Until last year, the Historical District Commission (HDC) was an uncontroversial board that rarely met. When it did meet, it was usually to approve the color of paint on a house in the district. It’s safe to say that the HDC and at least some of its former and present members are no longer uncontroversial.
The controversy began when the select board attempted to seek from the Historical District Commission the necessary certificate to demolish Aldrich Hall. Town meeting had appropriated $50,000 to demolish Aldrich Hall in March, 2013, and Selectman Lou Barry applied for a certificate of appropriateness to have the building demolished. Our first application was not addressed within in the required period of time, and a certificate of hardship should have been issued. (A former HDC member now says it was never received. The law says differently, but we’ve been trying to avoid a costly court case). Nonetheless, we tried to work with the HDC, though we balked at hiring a structural engineer to review the building as too expensive and unnecssary. Moreover, neither the bylaws or state laws allow an HDC to make up its own requirements. Our building inspector Don Demers declared the building unfit. His successor Russ Ducharme finally suggested a survey board as per MGL Chapter143 Section 8. On 17 November 2014, the Select Board then commissioned a Survey Board to review and report on building code related items for Aldrich Hall. The purpose of rendering unbiased technical and regulatory opinions on selected Town properties. Their report can be hard to read–there’s lots of technical language and references to the building code–but the conclusions can be easily understood with a modicum of common sense: Aldrich Hall is not worth bringing up to code.
To bring the building up to code, the building would need to be stripped to its wood frame skeleton. That’s it. Roof, shingles, floors would all need to be removed. Why? Because of building codes. Even historical buildings have to meet building codes if they are going to be used. If they are going to be used for meetings, they have to meet a certain code. If they are going to be used for offices, they have to meet a certain code. A few years ago, we vacated the building because it was structurally unsound and quite probably unhealthy. The building was never meant to be used as town offices. In our typically frugal fashion, Granby used it for a senior center and then for town offices. We probably should not have done so. The well water was undrinkable because it failed the monthly, mandatory state tests for water quality. There were frequent problems with vermin because much of the foundation was made of piled up rocks. The foundation also caused moisture problems and caused mold. The first floor was supported by several floor jacks because the beams in the cellar were not meant to support the loads of modern working offices.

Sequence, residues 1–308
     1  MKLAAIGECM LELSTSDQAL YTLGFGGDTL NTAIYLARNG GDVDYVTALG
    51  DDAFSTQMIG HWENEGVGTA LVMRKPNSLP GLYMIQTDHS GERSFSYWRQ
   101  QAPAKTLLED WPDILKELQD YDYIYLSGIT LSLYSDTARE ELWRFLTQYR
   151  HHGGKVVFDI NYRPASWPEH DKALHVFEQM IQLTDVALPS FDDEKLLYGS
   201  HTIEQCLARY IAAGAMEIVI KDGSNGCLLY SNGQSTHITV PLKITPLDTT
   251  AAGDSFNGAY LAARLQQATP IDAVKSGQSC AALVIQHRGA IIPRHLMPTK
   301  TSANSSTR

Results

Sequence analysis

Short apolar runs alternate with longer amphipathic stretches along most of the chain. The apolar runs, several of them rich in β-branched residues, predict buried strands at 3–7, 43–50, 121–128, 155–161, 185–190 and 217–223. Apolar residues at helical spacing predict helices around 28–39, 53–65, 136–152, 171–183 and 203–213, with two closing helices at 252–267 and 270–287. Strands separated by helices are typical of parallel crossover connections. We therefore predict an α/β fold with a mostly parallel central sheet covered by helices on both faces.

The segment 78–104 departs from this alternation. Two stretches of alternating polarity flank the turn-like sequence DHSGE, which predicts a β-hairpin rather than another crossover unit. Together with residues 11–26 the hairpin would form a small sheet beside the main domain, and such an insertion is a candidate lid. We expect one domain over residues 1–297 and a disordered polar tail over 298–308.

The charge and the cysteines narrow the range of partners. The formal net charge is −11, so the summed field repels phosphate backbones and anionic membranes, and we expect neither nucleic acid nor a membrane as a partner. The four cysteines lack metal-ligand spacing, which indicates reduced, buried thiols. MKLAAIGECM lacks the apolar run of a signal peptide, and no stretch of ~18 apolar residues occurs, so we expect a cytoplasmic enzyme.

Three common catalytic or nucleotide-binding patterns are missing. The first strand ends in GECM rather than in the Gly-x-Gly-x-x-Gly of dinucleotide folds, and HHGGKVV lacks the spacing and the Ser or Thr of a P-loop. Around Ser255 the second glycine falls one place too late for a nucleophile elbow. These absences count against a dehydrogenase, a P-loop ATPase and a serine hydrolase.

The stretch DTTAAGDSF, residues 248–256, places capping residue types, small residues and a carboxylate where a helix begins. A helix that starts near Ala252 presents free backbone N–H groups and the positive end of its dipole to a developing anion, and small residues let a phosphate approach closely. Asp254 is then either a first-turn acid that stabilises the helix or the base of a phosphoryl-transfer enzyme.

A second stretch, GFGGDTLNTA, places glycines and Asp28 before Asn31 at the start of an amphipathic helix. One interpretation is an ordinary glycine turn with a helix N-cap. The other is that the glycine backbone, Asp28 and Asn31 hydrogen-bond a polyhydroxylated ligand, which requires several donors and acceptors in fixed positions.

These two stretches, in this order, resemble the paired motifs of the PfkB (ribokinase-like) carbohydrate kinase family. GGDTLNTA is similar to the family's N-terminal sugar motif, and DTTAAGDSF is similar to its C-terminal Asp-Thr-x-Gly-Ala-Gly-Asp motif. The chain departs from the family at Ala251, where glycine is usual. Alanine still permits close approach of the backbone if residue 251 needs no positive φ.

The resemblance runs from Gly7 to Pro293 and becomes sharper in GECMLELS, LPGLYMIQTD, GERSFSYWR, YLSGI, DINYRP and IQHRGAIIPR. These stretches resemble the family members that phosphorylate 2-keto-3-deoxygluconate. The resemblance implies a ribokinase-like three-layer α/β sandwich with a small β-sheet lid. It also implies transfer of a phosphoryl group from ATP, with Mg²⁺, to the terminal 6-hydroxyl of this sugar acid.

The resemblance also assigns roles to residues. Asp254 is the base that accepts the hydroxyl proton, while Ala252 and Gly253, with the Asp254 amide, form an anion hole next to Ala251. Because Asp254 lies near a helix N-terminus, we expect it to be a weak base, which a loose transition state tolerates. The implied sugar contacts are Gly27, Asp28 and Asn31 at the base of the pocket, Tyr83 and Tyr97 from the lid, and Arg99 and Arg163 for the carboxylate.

I don’t know what the cost of a new house is these days, but I don’t think $150 per square foot is exorbitant. The survey board estimated the cost of renovating Aldrich Hall to be $ 150 to $200/sqft. Multiplied by the building’s 3,000 square feet, the base cost of renovations is $450,000 to $600,000. It is expected that water supply permitting and construction, and a DEP compliant on-site sewage disposal system would add another $100,000 to the project. Architectural and engineering design fees add another 7% to 14% Altogether, expect total project costs top range from $590,000 to $800,000. Not priced into these costs is hazardous materials mitigation and whatever exigencies turn up in the deconstruction and reconstruction. Even rehabbed, the building would serve little purpose for the town. A footprint of 1500 square feet doesn’t serve many municipal purposes when you subtract footage for bathrooms, hallways, and closets. Double that footprint for a second floor, and there’s still not much you can do.
The local media have picked up on the Aldrich Hall controversy. That’s why I’m writing this post. The Springfield Republican has had some stories, and the Daily Hampshire Gazette is working on a story for later this week. Last week, The Belchertown Sentinel had an uncharacteristically strong editorial condemning the HDC’s interference with the construction of the planned Veteran’s Memorial. This controversy is bound to linger for a while, so I’d thought I update what’s happening. I’ve left out some of the side-controversies, but there’s not enough time to cover all of those. Even in a town like Granby.
ARTICLE 3. To see if the Town will vote to authorize and appropriate, borrow or transfer from available funds the sum of $50,000, or a greater or lesser amount, for the purpose of demolishing Aldrich Hall and garage, or take any other action in regards thereto.